Single-band: 2.4GHz only
Guest Network
No
DLNA-Compliant Media Server
No
USB Ports
Two (for printer and/or storage)
NTFS Drive Support
Yes
WDS Bridge/Repeater Support
No

The Asus RT-N16 Verdict
GUI

Decent range and throughput; dual USB ports; support from DD-WRT community; BitTorrent client.

Gooey

Single-band only; no guest network; no DLNA-compliant media server.

Belkin Play N600 HD

Homey don't play dat

The Belkin Play Max ’s claim to fame was a fat set of hardware features and a generous collection of apps that ran not on the router but on client PCs connected to the router. In relaunching the Play Max as the Play N600 HD, Belkin has kept all the hardware features but axed three of the apps (the music library tool Daily DJ, the backup utility Memory Safe, and the MP3 tagger Music Labeler).

No big loss, as far as we’re concerned; we’re far more interested in the hardware. Like its predecessor, the Play N600 HD features two wireless radios, so you can operate distinct networks on the 2.4- and 5GHz bands, plus a second guest network (on the 2.4GHz band only) that provides Internet access while isolating visitors from your LAN. You’ll also find two USB ports, so you can share both a mass storage device and a printer across your network (but not with clients on the guest network).


Belkin's Play N600 HD router has a single status LED that glows green when the router is connected to the Internet and amber when it can't make that connection.

The Play N600 HD’s wireless routing performance using the 2.4GHz band was distinctly middle of the road, placing third in two of our test locations and tying for third in another. On the other hand, it managed a relatively strong second-place performance in our challenging media-room test. Performance on the 5GHz band was roughly the same, except that it couldn’t penetrate our double-walled media room at all.

Belkin includes a BitTorrent client that’s useful for finishing Torrent downloads without tying up a host PC; but as you can see from our benchmark charts, the router’s NAS performance is abysmal.

You’ll find our complete Belkin Play N600 HD network and NAS benchmark results here .

Specifications
Radio Frequencies
Dual-band: 2.4GHz and 5GHz
Guest Network
On the 2.4GHz band only
DLNA-Compliant Media Server
Running on a host PC only
USB Ports
Two (for printer and/or storage)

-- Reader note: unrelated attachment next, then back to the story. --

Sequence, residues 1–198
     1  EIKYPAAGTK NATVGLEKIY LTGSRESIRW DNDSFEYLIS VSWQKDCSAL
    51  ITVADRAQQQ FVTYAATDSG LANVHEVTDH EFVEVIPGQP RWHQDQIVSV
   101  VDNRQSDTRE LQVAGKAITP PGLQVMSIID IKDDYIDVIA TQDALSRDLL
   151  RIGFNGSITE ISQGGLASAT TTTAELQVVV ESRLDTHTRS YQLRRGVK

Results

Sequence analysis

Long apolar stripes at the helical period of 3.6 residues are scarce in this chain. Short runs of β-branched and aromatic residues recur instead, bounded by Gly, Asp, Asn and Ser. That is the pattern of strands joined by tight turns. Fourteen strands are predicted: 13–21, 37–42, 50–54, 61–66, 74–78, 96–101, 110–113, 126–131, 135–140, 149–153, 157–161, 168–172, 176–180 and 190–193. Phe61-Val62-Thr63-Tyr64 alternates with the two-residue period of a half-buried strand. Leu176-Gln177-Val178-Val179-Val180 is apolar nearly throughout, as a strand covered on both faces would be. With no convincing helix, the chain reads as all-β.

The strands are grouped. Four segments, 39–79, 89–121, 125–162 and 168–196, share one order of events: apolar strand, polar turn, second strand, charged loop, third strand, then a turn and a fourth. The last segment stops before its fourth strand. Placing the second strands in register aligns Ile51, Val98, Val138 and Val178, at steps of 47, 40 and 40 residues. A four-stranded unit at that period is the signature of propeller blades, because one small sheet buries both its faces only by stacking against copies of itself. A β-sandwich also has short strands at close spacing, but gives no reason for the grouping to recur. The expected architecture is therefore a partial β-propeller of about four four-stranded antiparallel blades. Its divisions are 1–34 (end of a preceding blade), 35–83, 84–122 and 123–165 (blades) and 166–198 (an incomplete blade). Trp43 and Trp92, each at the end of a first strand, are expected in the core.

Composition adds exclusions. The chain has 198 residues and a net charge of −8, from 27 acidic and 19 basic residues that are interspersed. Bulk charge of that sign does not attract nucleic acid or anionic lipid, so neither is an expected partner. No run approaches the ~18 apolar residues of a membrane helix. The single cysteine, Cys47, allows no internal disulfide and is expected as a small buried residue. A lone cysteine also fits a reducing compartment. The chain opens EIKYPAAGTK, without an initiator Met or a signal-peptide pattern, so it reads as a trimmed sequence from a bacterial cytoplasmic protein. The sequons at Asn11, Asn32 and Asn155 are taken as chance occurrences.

NTFS Drive Support
Yes
WDS Bridge/Repeater Support
No

The Belkin Play N600 Verdict
Dual Band

Guest network; two USB ports; BitTorrent client, good range on the 2.4GHz band.

Dual Personality

Slug-slow NAS performance; DLNA-compliant media server runs on a host PC, not the router.

Buffalo AirStation Nfiniti

This bison no longer roams

Of the three routers we’re taking second looks at, none has changed more than Buffalo’s WZR-HP-G300NH. That’s because Buffalo has thrown the firmware we tested earlier out the window and adopted the open-source DD-WRT.


We weren't impressed with the AirStation Nfiniti WZR-HP-G300NH's TCP throughput, but its price tag is a saving grace.

Comparing our earlier benchmark numbers to the performance we recorded this time out, however, we much prefer the Kick Ass award–earning router we tested in January to the one in front of us now. That router turned in the best throughput we’ve ever seen with our client in our well-insulated media room and in our furthest outdoor location; this one took fifth-place finishes in both tests (in a field of seven). We have little doubt the reason for this performance discrepancy is due to the fact that no matter how we configured the router, we couldn’t coax Buffalo’s WLI-UC-G300HP01B USB client adapter to connect to it at a stated data rate faster than 130Mb/s.

This is a single-band router that enables you to run virtual wireless networks with distinct SSIDs, but these aren’t true guest networks that provide Internet access while isolating guest clients from your primary LAN. The router is equipped with a single USB port that’s limited to NAS functions—you can’t use it to share a printer attached to your network. It does, however, feature a DLNA-compliant media server, and it can be converted to a wireless bridge/repeater when you upgrade to a newer router down the road.